During Your Dental Hygiene Career, Learn About Your Patient’s Diet & How It Impacts Their Teeth

Over time, even those who brush regularly may notice that their teeth aren’t as pearly white as they used to be—and worse, that they may be turning yellowish in colour or developing darker spots in certain places. This can be an upsetting change, causing some people to become self-conscious about their smile. 

In a career as a dental hygienist, you’re likely to encounter many patients complaining of tooth discolouration or yellowing of their teeth. In order to effectively advise these patients, it’s important to understand the various causes of tooth discolouration and yellowing. We examine five of those causes below. 

1. During Your Dental Hygiene Career, Be Aware of the Impact of a Patients’ Diet on their Teeth

Certain foods and beverages have a greater potential to stain our teeth, particularly those that are darker in colour. 

Foods or beverages that are dark in colour can stain a patient’s teeth

During your dental hygiene career, you can advise patients experiencing tooth discolouration that almost any food or drink which stains their clothes also has the potential to stain their teeth. Dark foods such as soy sauce, malt vinegars, and curry are all possible sources of stains. Additionally, foods that are high in tannins—bitter compounds that erode the tooth’s enamel and allow pigments to attach to the teeth—are a common cause of discolouration. Red wine, coffee, tea and chocolate are all examples of high-tannin foods. Darker fruits and vegetables such as beets or berries also contain high amounts of chromogens, substances which produce pigment that can stick to the teeth.

2. Tobacco Use Has a Negative Effect on the Teeth

Just as a patient’s diet can lead to extrinsic staining on the tooth’s enamel, smoking and tobacco usage is another lifestyle factor that can create external stains. Tobacco contains chemicals such as nicotine and tar, and over time these substances cause the surface of the teeth to become yellow and stained in colour. Depending on the extent of a patient’s tobacco usage, these stains can be difficult to correct, but quitting tobacco is always the first step in addressing this causal factor. Patients may be able to pair teeth-whitening products with a comprehensive oral care routine to reverse the effects of tobacco on the colouring of their teeth.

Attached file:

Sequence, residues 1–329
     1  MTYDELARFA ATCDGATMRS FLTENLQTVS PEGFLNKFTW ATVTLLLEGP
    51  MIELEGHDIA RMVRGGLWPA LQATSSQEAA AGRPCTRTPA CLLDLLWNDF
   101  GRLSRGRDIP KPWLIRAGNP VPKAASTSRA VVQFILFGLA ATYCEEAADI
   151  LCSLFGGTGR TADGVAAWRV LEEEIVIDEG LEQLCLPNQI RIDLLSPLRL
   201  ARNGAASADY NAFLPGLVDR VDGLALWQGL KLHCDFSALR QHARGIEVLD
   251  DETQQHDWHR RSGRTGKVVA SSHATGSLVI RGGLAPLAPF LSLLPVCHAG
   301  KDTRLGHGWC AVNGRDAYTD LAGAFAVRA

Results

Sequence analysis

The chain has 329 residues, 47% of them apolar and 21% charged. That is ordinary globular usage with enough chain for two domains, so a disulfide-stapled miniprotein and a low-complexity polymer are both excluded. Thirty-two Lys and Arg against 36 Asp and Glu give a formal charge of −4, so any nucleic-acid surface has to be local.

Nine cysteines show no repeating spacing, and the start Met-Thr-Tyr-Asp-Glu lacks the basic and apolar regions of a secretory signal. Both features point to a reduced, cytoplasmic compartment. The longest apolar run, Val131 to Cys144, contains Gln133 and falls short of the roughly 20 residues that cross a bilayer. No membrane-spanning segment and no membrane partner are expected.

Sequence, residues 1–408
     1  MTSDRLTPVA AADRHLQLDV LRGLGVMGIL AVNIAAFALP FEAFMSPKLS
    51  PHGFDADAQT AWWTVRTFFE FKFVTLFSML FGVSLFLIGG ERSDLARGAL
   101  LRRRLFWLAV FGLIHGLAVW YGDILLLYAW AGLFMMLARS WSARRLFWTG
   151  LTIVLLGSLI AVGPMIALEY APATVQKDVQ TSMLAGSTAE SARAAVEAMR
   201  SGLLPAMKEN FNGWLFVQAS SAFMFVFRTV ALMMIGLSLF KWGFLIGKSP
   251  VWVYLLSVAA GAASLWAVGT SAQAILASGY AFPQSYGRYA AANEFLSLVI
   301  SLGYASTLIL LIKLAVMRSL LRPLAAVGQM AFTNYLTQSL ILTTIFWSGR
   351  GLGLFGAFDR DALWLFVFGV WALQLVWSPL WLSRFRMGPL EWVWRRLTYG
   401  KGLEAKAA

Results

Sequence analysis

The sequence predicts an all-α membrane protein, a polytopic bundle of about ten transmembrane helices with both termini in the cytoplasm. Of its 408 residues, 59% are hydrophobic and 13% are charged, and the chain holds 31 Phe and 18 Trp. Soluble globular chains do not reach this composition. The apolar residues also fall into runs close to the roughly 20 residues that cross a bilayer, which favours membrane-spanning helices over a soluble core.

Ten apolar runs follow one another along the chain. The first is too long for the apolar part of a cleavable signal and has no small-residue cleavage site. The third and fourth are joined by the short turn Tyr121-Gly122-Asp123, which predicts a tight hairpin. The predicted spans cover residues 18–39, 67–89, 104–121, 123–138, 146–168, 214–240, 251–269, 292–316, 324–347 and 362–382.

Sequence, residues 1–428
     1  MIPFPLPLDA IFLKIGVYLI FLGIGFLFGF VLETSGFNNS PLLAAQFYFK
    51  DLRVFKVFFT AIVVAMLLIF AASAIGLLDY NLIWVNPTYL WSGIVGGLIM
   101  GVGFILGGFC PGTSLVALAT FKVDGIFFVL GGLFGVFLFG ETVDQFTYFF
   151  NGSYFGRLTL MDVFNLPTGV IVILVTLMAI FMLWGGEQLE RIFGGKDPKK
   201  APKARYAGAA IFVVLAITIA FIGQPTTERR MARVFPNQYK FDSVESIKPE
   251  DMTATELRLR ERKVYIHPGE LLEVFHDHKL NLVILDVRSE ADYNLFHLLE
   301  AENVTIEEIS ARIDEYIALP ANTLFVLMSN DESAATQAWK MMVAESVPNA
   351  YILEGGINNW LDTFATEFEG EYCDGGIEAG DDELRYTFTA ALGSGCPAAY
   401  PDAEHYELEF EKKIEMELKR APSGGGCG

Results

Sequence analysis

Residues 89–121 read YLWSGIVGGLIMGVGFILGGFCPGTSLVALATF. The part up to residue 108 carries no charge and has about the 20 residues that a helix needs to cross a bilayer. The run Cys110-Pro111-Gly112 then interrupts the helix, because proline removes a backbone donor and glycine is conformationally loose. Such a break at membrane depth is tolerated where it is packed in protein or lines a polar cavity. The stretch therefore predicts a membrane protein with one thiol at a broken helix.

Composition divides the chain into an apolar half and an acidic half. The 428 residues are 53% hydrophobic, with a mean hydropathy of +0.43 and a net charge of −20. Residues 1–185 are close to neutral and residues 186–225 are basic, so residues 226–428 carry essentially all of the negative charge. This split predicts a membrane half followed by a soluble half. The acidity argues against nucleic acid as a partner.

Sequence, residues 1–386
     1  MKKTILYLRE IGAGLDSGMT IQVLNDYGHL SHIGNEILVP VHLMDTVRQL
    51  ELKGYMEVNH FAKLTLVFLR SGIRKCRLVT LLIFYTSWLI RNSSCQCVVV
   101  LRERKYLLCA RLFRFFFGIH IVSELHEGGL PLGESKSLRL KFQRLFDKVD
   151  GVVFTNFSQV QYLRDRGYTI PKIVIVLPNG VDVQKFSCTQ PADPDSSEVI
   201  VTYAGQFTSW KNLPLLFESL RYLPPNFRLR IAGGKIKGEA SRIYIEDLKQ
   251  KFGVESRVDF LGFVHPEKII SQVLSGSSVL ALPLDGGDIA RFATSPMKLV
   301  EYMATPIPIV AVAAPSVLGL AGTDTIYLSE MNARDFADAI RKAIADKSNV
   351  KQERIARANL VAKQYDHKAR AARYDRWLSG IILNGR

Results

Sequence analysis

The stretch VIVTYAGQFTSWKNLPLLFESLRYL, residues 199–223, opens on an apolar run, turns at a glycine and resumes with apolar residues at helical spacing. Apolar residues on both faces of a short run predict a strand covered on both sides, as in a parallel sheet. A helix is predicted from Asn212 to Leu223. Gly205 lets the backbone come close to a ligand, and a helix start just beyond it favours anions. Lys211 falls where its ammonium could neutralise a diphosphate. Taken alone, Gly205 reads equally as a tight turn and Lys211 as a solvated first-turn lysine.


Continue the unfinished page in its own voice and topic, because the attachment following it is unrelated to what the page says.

Tobacco can cause yellowing or discolouration in a patient’s teeth

3. Certain Illnesses and Medications Can Cause the Teeth to Darken

Some patients will experience tooth discolouration as a result of intrinsic factors, in which something inside the teeth or body causes the teeth’s dentin (its inner structure) to stain. Because the staining comes from internal sources, intrinsic stains are notoriously more difficult to remove. There are several illnesses which affect both the teeth’s enamel and the dentin, causing discolouration. Patients undergoing chemotherapy for cancers of the neck or head may develop discolouration as a result of radiation, and prescription medications for asthma or high blood pressure can also have this effect. Additionally, infections suffered by a mother during their pregnancy, and the medications taken for them, can cause discolouration in an infant’s teeth. More common medications such as antihistamines and antipsychotics have also been known to be the cause of yellowing teeth.

4. Genetics and Age Play a Role in the Colour of Our Teeth

If you want to become a dental hygienist, you may encounter patients with discolouration or yellowing simply because of their genetics or their age. Some people are born with thicker or brighter enamel, but those who are born with a thin layer of enamel will be more susceptible to yellowing. Dentin is naturally yellow in colour, and when a patient’s enamel is thin, the yellowish dentin becomes visible in their teeth. 

While some are born with a thinner layer of enamel, enamel also gradually wears away over time. For this reason, a patient’s teeth may become more yellow with age. In order to prevent yellowing, patients must ensure that enough saliva is being produced, as saliva will wash away plaque and contaminants from the teeth. Elderly patients can also brush with fluoridated toothpaste to prevent yellowing.

5. Poor Dental Hygiene May Lead to Tooth Discolouration

While yellowing or discolouration may be caused by factors beyond a patient’s control, discolouration can often be prevented by developing improved oral hygiene practices. Patients should ensure that they are brushing and flossing twice a day to remove stain-producing contaminants and plaque, which can degrade tooth enamel. Additionally, advise patients to have their teeth professionally cleaned twice a year to prevent the buildup of substances on the teeth that cause discolouration.

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